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When Do I Need a Family Counselor?


There is not much question that when a family is healthy and happy, all seems right in the world. The greatest joys fathers experience are within the confines of a stable and healthy family relationship.

But not all families are stable, healthy and happy all the time. The stresses of modern life, the need for better work-life balance, a family crisis of one kind or another or mental health challenges for one or more family members can bring a family to its knees at any time.

Many families have built-in resiliency to many of these problems. But even the best families can feel a need for help beyond the family's own resources. Even our family, which by all outward appearances, is happy and stable, has seen its share of difficulties and crises. Our family has benefited from working with a capable and professional marriage and family therapist to get over some of the bigger hurdles in our family story.

Deciding if marriage and family therapy is right for a family can be a big decision. While it may feel initially like admitting defeat or failure, in reality choosing family counseling can be a big step forward. Think of family counseling as adding some tools to your family's relationship toolbox. You can learn new ways to communicate, to work through problems, to discipline and to relate to one another.

If you family is experiencing one or more of these symptoms, it may be time to consider engaging the services of a qualified professional marriage and family therapist.

Family members have difficulty functioning in their normal capacity. Do you feel an "energy drain" in your family? Things that used to be routine and normal are now burdensome?

Family members tend to have extreme emotional reactions. Do members of your family exhibit excessive anger, fear, sadness, depression or other emotional reactions?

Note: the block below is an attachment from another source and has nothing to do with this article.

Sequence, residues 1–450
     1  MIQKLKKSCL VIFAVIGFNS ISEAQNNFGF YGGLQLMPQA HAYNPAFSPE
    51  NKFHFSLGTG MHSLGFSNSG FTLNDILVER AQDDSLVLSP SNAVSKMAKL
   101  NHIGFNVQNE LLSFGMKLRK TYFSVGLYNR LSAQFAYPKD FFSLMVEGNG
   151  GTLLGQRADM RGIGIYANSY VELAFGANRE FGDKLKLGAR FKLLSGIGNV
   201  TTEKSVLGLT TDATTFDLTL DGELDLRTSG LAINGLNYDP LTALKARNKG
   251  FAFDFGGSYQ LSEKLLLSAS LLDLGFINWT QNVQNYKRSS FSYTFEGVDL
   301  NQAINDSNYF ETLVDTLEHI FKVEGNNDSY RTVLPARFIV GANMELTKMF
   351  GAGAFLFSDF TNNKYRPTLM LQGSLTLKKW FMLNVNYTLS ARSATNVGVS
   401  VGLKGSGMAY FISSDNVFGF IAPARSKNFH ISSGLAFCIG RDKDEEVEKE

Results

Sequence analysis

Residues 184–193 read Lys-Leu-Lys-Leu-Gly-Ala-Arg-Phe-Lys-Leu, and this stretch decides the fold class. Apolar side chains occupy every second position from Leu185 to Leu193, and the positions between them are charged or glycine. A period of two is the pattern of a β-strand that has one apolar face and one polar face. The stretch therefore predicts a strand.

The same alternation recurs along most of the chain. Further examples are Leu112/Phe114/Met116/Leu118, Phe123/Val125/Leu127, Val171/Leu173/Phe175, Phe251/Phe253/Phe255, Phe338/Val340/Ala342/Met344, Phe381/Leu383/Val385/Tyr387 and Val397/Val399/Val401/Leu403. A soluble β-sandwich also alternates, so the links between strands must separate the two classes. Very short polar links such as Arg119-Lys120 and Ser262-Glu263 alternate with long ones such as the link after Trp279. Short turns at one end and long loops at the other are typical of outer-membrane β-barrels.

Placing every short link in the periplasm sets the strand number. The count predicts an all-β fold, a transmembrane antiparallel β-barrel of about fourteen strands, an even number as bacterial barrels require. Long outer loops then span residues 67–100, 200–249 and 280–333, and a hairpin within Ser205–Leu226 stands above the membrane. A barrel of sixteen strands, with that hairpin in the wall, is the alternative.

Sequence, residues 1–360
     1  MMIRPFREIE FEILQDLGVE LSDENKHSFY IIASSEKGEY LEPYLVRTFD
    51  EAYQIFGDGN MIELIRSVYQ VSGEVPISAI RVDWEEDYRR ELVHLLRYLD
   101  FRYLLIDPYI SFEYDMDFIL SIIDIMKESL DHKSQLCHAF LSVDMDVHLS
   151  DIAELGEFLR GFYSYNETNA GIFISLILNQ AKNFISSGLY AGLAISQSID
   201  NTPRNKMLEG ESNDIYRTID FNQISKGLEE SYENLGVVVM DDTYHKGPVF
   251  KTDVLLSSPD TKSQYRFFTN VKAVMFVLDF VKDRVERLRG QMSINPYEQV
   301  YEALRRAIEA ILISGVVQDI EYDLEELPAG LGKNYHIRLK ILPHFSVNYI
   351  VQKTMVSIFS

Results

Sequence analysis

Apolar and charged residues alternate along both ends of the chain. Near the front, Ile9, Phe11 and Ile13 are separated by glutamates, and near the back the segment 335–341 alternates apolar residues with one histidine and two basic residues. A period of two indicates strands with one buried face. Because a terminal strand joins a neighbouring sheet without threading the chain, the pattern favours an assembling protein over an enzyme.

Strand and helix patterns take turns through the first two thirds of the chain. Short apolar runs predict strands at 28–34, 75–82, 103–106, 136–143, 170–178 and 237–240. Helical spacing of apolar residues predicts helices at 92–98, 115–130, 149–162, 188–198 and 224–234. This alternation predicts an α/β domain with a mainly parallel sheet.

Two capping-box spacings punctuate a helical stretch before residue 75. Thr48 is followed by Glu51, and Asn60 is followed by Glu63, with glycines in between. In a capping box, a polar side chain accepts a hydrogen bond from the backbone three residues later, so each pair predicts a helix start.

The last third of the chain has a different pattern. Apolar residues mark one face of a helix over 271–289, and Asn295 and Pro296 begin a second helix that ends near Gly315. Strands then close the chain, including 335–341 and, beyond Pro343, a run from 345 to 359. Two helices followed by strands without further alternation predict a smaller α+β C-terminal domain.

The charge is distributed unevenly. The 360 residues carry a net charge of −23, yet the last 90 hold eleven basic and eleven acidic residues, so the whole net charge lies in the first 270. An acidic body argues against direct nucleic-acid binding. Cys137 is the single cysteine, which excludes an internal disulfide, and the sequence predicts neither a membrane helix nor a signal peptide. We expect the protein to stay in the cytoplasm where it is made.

There is a significant breakdown in communication between family members. Do you find it harder to communicate than usual? Are you experiencing the "silent treatment" more often than usual?

Family members are withdrawing from family life. Is there a new pattern of one or more family members going into seclusion?

There are symptoms of violence or the threat of violence to oneself or other family members. Beyond normal "horseplay," do you feel that violence is a problem? Is there behavior that would be considered "assault" if it weren't between family members?

Family members express feelings of helplessness or hopelessness. Do you feel that you have reached the end of your rope? Is coping with the stresses just too much to bear? Do you wonder if your family will ever recover?

There have been changes in the children's behavior at home or school. Are grades taking a nosedive? What about attendance problems or disruptive behavior at school? Is one of the children out of control at home?

The family has had a traumatic experience and members are having a hard time coping. Has there been a death in the family? A divorce or separation? An affair discovered? IS the family having difficulty adjusting to the new reality?

Family members have substance abuse problems. Are there challenges with alcohol or drug use?

If your family is experiencing challenges with these types of issues, selecting and getting involved with a professional marriage and family therapist may be a good idea.

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